Jackie Tatsak, President & Concierge 813-928-6494

SENIOR LIVING INFORMATION


As I stated on my home page, this journey is difficult to navigate.  I have found over the years as an Administrator that the first misconception about assisted living is that insurance pays for it.  IT DOESN'T!  Assisted Living is mainly private pay, although there are VA benefits available to veterans and widowed spouses and Medicaid benefits.  Both of these take time for qualification, and there are income and asset limits.  If there is a long-term care policy, congratulations for planning!  However, these also have restrictions.  As I have said, this is not an easy journey!


 The following information should further clarify why you need a professional to assist you in your search.


 In Pinellas County, there are approximately 200 assisted living facilities (ALFs) or approximately 9,200 licensed beds.  The median cost as of 2015 was $3150 for a one bedroom apartment.  In addition, there are 15 Adult Care Homes (ACHs) or 72 beds.  There are also 70 Skilled Nursing Facilities (SNFs) or 8,900 beds. 


To add to the confusion, there are 4 types of ALF licenses:  Standard, Extended Congregate Care (ECC), Limited Nursing Services (LNS), and Limited Mental Health (LMH). 


Standard Assisted Living:  Provides full-time living in the least restrictive and most home-like setting.  Living arrangements can be private apartments or rooms or shared accommodations.  The communities range from 5 residents to several hundred.  Basic services include:

  • Housing, nutritional meals, and special diets
  • Personal care with activities of daily living (ADLs) - bathing, dressing, grooming, walking, eating, and transfers
  • Medication assistance
  • Resident supervision
  • Health care service arrangements
  • Transportation to health care services
  • Health monitoring
  • PLANNED SOCIAL AND LEISURE ACTIVITIES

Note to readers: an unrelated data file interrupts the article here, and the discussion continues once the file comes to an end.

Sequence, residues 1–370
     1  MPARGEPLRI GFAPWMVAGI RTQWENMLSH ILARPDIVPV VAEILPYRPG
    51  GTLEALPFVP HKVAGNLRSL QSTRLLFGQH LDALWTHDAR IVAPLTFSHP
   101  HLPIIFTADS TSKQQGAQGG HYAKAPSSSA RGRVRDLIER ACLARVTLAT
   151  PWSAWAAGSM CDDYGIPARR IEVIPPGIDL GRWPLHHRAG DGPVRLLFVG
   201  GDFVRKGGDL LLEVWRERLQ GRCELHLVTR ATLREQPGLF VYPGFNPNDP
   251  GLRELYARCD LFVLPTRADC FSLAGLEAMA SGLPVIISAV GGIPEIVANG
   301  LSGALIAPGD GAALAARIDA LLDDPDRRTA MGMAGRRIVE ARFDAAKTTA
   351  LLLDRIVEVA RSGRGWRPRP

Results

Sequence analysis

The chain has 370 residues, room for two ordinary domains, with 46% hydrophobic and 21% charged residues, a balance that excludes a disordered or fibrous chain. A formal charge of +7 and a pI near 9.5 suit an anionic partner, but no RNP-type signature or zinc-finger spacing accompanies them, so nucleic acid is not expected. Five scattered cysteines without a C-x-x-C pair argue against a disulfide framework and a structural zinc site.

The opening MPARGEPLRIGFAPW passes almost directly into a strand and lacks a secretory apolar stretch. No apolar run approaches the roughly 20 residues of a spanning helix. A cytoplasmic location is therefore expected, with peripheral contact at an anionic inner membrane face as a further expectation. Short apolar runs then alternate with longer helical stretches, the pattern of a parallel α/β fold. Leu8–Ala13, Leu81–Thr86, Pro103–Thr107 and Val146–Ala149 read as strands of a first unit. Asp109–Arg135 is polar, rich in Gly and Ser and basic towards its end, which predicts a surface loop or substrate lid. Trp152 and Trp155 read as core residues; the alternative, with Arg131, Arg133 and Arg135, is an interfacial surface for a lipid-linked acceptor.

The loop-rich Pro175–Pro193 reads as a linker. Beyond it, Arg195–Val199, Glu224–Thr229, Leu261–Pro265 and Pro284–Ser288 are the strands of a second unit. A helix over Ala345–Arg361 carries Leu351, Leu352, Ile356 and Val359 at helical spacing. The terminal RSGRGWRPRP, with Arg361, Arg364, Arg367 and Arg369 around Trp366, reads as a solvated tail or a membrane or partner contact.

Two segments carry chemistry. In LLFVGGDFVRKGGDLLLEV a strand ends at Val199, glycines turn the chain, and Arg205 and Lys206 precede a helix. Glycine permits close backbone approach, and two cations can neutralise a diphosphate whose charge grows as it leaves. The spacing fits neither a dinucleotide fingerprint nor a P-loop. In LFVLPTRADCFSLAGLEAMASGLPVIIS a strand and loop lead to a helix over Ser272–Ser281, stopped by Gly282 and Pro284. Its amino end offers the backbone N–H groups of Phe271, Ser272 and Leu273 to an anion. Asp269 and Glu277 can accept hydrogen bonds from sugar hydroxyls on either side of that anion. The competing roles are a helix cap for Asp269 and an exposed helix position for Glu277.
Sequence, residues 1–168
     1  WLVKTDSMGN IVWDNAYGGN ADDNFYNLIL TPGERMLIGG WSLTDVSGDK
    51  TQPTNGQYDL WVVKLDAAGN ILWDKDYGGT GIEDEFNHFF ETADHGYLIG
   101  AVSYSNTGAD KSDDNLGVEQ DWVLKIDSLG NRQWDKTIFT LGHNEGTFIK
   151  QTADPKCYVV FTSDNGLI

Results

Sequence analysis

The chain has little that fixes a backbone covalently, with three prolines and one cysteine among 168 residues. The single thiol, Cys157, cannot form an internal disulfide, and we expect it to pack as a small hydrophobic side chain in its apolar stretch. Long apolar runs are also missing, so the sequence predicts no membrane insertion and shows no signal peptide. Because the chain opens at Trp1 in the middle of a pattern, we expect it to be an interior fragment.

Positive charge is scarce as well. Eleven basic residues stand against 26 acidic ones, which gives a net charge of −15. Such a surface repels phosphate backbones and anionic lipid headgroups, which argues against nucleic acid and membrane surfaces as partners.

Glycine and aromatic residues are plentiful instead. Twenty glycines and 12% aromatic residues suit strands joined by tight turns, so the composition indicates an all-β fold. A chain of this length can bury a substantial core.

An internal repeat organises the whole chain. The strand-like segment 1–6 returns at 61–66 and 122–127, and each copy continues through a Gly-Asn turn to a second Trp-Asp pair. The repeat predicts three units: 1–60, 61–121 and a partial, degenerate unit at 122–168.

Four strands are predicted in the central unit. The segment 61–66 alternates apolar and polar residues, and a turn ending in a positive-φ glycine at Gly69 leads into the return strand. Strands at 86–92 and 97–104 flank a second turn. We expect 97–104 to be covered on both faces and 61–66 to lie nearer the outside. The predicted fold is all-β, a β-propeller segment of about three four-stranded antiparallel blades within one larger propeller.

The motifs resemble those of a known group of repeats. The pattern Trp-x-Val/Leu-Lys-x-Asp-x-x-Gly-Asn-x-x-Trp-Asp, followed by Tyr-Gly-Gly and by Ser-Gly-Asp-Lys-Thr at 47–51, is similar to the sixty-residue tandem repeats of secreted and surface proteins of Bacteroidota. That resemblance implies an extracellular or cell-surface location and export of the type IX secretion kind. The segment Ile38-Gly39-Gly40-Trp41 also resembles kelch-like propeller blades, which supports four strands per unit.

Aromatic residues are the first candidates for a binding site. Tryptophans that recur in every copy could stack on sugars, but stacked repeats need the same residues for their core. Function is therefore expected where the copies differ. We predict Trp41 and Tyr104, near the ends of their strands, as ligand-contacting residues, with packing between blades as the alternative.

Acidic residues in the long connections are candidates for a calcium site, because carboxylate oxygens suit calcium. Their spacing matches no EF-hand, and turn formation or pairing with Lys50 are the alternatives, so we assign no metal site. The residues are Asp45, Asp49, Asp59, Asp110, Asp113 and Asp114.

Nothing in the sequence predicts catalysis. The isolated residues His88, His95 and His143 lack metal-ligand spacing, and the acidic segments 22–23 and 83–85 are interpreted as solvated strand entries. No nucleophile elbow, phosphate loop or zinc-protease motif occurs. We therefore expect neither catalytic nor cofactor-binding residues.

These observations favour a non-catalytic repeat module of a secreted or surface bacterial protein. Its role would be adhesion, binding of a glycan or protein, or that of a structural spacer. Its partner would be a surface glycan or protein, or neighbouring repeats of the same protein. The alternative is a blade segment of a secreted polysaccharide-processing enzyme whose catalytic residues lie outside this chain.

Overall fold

LNS License:  Provides basic services of a standard license as well as nursing services provide by licensed nurses within the scope of their nursing practice (e.g. certain feeding tubes, splint and brace care,  and catheter and colostomy care).  The resident still must meet admission and continued residency criteria.  Although there are numerous reasons for not meeting residency requirements, the two main reasons are that the resident cannot transfer without a 2-person assist or requires IV antibiotics. 


ECC License:  Allows a resident to age in place by providing the basic services of assisted living and LNS services and assessments.  In addition:

  • Total assistance with bathing, dressing, grooming, toileting, and feeding
  • Measurement and recording of vital signs and weight
  • Dietary management, including special diets, monitoring nutrition, food, and fluid intake


LMH License:  Must be obtained if the ALF serves one or more mental health residents.


To further complicate the process, many companies have their own policies which are stricter than State guidelines.  For example, many companies choose not to employ nurses around the clock.  If a nurse is not on-site 24/7, the community cannot manage oxygen care or diabetics who require insulin more than twice a day.  Even communities with an ECC or LNS license sometimes choose not to provide certain care. 


There is much more information that I cannot fit on my web site.  For more information on financial resources, definitions, requirements, and advocacy, I suggest you visit www.floridahealthfinder.gov or www.ahca.myflorida.com